Celebrities showed up to walk the red carpet, and though we won’t know the final totals for a while, odds are, it’ll attract close to 4.9 million pairs of eyeballs, topping the 4.4 million viewers for the Mayweather-Pacquiao “Fight of the Century” in 2015, which banked about $400 million in the United States alone. Given that the sheer amount of viewers caused Showtime’s and the UFC’s online (legal) livestreams to repeatedly crash, causing the main event to be pushed back, the numbers might be eye-popping.
And the sportsbooks have to be thrilled, considering that a massive upset would have cost them untold millions. According to ESPN’s David Purdum, the Nevada sportsbooks alone collected over $80 million in wagers, once again besting Mayweather-Pacquiao for the highest-ever total. And that’s not counting the bets made abroad. Paddy Power, one of Ireland’s largest sports books, expects to reel in $250 million.
Naturally, Mayweather, an inveterate and profligate gambler, claimed that he was going to bet on himself, a practice that is allowed by both the Nevada Athletic Commission and the Nevada Gaming Control Board, and that the bet would be so massive it would be hard to miss.
“You guys will see the betting ticket, don’t worry,” Mayweather said, according to the Los Angeles Times. Mayweather also promised that, as he had for previous heavy wagers, the image would pop up on social media. Sources told Purdum, though, that he was thwarted in an attempt to place a $400,000 bet that he’d finish McGregor before the 10th round.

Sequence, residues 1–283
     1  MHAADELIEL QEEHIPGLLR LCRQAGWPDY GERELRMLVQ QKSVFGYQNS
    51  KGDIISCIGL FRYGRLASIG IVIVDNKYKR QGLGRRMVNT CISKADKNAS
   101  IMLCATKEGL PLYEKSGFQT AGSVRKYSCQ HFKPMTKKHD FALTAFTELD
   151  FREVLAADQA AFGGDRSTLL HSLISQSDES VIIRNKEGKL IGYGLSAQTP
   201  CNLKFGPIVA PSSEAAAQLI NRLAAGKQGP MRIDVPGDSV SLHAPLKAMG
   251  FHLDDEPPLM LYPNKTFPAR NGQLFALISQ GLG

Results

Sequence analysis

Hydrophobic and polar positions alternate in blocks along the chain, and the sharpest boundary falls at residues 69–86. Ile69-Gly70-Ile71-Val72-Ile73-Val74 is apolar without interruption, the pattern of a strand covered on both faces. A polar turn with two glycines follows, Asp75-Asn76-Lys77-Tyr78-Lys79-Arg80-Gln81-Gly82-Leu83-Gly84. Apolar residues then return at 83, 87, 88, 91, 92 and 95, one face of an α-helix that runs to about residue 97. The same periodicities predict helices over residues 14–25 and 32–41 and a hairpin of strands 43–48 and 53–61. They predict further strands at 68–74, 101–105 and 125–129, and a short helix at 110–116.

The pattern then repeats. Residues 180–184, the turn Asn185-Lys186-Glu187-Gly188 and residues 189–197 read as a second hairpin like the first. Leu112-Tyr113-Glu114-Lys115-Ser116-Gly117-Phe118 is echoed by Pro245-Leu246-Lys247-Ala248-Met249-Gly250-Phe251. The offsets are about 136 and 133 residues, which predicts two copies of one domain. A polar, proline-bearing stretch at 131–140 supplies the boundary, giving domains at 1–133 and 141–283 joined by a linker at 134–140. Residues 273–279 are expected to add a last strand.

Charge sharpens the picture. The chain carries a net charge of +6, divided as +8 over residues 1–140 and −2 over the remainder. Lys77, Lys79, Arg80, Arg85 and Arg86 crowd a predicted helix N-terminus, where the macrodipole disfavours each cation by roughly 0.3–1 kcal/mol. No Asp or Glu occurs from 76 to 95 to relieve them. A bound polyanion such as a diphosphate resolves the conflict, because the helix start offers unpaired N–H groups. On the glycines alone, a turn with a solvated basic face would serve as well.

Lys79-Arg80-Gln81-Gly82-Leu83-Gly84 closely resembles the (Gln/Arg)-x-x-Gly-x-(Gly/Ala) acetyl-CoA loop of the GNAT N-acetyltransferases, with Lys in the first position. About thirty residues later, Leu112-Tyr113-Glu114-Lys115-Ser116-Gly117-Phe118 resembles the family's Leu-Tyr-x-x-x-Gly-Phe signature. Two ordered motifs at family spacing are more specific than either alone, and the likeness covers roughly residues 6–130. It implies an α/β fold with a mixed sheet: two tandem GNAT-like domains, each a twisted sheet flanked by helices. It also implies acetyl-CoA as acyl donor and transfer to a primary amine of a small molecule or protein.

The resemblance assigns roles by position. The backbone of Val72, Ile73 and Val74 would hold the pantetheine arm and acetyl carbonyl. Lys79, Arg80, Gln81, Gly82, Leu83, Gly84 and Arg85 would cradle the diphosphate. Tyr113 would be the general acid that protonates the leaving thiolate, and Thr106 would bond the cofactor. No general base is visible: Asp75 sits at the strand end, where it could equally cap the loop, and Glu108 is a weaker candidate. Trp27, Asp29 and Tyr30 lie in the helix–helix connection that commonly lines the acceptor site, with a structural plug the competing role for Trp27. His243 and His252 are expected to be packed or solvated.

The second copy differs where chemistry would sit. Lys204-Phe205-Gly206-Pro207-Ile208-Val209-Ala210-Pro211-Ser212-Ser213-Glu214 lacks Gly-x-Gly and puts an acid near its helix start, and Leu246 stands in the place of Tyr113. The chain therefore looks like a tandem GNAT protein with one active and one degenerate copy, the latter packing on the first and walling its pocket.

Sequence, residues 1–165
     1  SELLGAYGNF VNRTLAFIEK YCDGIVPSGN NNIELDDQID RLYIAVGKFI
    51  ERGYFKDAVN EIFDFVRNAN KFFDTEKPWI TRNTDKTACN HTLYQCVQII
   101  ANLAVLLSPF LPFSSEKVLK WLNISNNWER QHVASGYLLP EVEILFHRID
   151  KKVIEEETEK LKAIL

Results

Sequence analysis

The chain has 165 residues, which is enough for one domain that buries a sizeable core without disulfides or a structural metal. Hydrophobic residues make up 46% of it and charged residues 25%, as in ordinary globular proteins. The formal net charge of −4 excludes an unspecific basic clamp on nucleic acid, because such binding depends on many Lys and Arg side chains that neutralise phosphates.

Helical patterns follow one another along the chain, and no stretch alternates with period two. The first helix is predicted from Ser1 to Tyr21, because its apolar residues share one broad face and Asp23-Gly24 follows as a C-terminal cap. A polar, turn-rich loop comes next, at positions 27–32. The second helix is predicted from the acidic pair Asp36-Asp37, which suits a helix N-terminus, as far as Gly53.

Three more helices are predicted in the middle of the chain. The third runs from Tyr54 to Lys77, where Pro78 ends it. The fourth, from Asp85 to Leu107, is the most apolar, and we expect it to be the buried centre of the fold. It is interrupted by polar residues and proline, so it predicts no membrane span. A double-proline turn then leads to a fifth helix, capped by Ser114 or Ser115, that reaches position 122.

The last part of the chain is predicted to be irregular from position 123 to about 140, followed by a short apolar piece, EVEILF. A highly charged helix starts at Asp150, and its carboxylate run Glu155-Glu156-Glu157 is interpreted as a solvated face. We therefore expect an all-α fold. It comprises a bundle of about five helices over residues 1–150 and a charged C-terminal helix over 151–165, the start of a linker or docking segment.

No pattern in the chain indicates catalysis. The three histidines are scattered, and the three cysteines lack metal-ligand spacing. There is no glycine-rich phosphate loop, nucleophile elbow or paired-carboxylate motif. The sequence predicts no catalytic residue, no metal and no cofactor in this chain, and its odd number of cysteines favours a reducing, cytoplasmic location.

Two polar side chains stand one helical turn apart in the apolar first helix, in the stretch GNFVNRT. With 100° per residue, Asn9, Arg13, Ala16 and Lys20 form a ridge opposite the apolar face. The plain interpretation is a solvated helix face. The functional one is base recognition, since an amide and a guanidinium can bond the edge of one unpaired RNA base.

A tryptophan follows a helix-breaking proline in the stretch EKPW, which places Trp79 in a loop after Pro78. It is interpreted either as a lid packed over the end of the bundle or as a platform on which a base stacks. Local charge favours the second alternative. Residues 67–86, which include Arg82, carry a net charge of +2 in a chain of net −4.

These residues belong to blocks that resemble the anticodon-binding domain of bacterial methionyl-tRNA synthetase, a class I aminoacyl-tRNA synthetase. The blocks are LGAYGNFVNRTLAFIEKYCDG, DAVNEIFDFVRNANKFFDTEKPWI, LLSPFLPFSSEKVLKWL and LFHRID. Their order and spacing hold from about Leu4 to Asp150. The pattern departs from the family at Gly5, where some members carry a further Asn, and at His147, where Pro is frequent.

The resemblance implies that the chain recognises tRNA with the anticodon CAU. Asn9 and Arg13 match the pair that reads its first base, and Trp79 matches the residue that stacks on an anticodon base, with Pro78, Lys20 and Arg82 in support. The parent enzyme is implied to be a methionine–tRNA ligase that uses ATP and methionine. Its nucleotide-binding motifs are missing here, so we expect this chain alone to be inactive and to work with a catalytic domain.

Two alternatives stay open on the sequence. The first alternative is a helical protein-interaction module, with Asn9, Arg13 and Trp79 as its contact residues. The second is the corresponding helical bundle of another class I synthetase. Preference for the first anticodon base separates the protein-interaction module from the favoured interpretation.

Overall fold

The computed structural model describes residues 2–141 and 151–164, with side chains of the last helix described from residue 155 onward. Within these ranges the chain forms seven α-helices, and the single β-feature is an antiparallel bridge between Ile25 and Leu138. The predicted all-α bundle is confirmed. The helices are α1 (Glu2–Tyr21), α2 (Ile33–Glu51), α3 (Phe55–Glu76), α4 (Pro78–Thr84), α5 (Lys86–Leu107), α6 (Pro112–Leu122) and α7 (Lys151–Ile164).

Leading up to the fight, a reported 95 percent of the total bets had been placed on McGregor, but that should not be taken as an indication that the fix was in, Purdum explained. Rather, it came as a result of the MMA devotees who craved validation of their entire sport and McGregor’s backers in his native Ireland who were dropping small bets in the hopes of snagging a big win. (At one online sportsbook in the United Kingdom, 72 percent of the total dollars wagered were on Mayweather.)
“It’s more the size of the public interest in McGregor based on the deep embedding of gambling in Irish sports culture and the general lack of a barrier to entry for fan interest in the fight, good old-fashioned racism, and the lack of a barrier to entry for interest in the fight,” Patrick Wyman, who writes about combat sports for Deadspin and the Washington Post, explained.
“It’s mark money coming in from small bettors in enormous quantities, and books have to shift the lines to minimize their liabilities.”
Purdum added that while it was “unusual” to see such an extreme preference for one fighter, it shouldn’t lend any credence to the idea that the fight was rigged, even if golfer Rory McIlroy said just that. “This would be like trying to fix the Super Bowl,” he said.
Asked for a prediction earlier this week, Wyman was able to nail the broad outlines of the fight, even if he missed some of the details—such as McGregor’s ability to use the clinch to his advantage. “McGregor roughs him up early with pressure and clinch work, then Mayweather takes over in the middle rounds,” he said. “It gets ugly late as McGregor fades and Mayweather takes an increasingly wide decision.”
After the fight was over, Mayweather said he was retiring for good, exiting with his perfect 50-0 record intact, and putting to rest any whispers about a rematch with McGregor. Then again, that’s what Mayweather said back in 2015 and 2013 and 2008. Given that the total revenue is expected to top half a billion dollars, it’s hard to take him at his word.
After all, no matter how ugly things got in the weeks leading up to the fight, people watched and another nine-figure payday is just sitting there. Whether a kind of odd and jarring spectacle was worth all the awfulness that preceded it won’t ever be considered by those tabulating the receipts. For the UFC, Showtime, Mayweather, McGregor and certainly for Las Vegas, the money is all that ever mattered.